Prime Minister of Iraq
|Prime Minister of Iraq|
|Residence||Republican Palace, Baghdad, Iraq|
|Appointer||Chosen by the President; if failed, chosen by National Assembly with absolute majority|
|Term length||Not term limited|
|Inaugural holder||Abd Al-Rahman Al-Gillani|
|Formation||11 November 1920|
|This article is part of a series on the
politics and government of
The Prime Minister of Iraq is Iraq's head of government. The Prime Minister was originally an appointed office, subsidiary to the head of state, and the nominal leader of the Iraqi parliament. Under the newly adopted constitution the Prime Minister is to be the country's active executive authority. Nouri al-Maliki (formerly Jawad al-Maliki) was selected to be Prime Minister on 21 April 2006. On 14 August 2014 al-Maliki agreed to step down as prime minister of Iraq to allow Haider al-Abadi to take his place.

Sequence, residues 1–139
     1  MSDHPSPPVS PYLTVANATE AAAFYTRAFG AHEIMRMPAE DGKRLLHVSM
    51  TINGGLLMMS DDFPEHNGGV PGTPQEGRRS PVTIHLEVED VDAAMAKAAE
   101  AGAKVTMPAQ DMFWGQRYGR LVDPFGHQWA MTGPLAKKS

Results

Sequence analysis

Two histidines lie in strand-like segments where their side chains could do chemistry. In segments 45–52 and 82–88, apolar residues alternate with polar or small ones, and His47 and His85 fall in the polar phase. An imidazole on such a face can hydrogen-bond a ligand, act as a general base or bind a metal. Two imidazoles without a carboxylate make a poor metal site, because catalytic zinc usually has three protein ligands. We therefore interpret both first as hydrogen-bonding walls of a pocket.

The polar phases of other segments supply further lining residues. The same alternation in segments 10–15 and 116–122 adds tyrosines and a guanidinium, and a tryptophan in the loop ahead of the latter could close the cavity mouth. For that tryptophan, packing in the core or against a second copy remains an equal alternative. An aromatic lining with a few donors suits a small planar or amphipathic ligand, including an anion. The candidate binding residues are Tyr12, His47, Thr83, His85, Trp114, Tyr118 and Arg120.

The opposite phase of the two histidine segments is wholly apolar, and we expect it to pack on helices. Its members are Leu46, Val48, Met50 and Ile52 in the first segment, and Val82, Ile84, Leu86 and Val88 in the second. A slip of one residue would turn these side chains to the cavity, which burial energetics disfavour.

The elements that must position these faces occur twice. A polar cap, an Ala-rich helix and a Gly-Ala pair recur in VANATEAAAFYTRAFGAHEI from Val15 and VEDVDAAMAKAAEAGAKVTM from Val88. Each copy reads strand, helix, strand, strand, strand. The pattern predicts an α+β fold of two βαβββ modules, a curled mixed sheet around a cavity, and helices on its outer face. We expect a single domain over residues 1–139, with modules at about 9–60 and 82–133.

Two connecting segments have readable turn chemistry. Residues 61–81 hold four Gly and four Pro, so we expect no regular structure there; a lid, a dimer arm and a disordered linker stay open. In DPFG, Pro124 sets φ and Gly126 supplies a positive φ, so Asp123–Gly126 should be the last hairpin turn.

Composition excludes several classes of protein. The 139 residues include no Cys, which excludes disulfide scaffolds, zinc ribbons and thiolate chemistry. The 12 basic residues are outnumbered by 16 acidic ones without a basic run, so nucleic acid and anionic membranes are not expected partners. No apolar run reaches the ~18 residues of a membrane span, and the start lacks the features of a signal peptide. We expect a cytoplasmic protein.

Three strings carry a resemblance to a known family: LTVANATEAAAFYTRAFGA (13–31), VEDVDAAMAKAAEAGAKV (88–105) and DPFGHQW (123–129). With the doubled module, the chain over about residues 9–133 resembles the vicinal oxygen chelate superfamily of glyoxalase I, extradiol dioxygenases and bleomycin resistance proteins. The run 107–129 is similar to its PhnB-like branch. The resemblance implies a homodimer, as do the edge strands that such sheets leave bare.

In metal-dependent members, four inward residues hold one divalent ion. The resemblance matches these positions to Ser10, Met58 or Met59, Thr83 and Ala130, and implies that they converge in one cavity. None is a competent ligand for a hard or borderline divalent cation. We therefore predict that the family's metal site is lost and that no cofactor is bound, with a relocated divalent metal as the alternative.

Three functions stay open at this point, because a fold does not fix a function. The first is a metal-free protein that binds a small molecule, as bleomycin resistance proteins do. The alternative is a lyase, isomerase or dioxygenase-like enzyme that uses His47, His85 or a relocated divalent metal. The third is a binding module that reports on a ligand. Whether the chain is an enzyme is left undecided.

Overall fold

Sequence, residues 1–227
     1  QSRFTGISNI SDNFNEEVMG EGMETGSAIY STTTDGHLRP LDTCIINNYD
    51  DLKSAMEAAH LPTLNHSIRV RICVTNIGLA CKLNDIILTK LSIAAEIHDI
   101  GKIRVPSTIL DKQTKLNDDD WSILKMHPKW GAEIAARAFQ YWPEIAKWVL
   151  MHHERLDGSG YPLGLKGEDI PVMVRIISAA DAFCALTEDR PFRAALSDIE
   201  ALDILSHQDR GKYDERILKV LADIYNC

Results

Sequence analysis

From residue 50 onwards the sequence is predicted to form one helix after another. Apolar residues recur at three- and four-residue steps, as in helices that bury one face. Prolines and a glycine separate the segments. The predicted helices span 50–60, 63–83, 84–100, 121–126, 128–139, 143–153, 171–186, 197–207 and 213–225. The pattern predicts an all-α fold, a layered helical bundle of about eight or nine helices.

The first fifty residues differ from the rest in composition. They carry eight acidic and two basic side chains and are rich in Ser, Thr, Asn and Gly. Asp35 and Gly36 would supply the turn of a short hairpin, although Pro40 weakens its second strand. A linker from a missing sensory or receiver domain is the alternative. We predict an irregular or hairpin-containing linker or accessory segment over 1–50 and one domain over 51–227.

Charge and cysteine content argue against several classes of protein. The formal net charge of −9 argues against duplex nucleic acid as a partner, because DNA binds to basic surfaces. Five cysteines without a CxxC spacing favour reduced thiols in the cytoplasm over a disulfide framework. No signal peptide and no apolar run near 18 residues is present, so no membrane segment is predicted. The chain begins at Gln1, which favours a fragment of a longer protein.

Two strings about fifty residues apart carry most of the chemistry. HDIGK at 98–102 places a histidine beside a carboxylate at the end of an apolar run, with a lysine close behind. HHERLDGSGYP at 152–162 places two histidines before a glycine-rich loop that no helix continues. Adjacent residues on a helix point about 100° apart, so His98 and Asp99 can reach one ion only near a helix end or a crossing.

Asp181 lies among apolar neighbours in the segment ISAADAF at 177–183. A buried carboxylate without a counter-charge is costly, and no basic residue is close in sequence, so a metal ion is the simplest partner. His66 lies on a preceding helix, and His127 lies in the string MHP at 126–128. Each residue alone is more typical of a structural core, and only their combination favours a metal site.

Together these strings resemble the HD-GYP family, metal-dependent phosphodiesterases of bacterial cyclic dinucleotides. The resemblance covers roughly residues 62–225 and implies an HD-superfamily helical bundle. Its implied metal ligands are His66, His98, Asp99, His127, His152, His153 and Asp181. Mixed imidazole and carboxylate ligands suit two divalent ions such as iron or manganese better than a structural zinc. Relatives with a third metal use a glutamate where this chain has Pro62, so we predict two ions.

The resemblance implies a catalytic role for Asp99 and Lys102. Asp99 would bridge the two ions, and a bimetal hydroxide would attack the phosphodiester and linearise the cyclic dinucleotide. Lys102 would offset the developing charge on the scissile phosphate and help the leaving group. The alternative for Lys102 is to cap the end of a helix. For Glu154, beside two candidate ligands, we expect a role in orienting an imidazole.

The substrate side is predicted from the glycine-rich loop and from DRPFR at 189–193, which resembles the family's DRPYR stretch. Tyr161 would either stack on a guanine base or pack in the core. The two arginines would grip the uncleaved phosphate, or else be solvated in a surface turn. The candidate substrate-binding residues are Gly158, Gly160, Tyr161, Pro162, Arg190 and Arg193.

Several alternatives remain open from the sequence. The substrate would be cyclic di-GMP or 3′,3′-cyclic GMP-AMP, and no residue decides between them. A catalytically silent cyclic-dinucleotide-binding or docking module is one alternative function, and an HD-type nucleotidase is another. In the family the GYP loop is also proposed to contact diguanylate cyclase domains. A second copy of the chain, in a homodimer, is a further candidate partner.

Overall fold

The Presidency Council then shall name a Prime Minister unanimously. According to this, The Presidency Council must agree on a candidate for the post within two weeks. In the event that it fails to do so, the responsibility of naming the Prime Minister reverts to the National Assembly. In that event, the Council of Representatives must confirm the nomination by an absolute majority. If the Prime Minister is unable to nominate his Council of Ministers within one month, the Presidency Council shall name another Prime Minister.
Agencies directly subordinate
The Iraqi Counter Terrorism Bureau reports to the Prime Minister directly. The Iraqi CTB oversees the Iraqi Counter Terrorism Command, a formation that includes all Iraqi Special Operations Forces. As of 30 June 2009, there had been legislation in progress for a year to make the Iraqi CTB a separate ministry.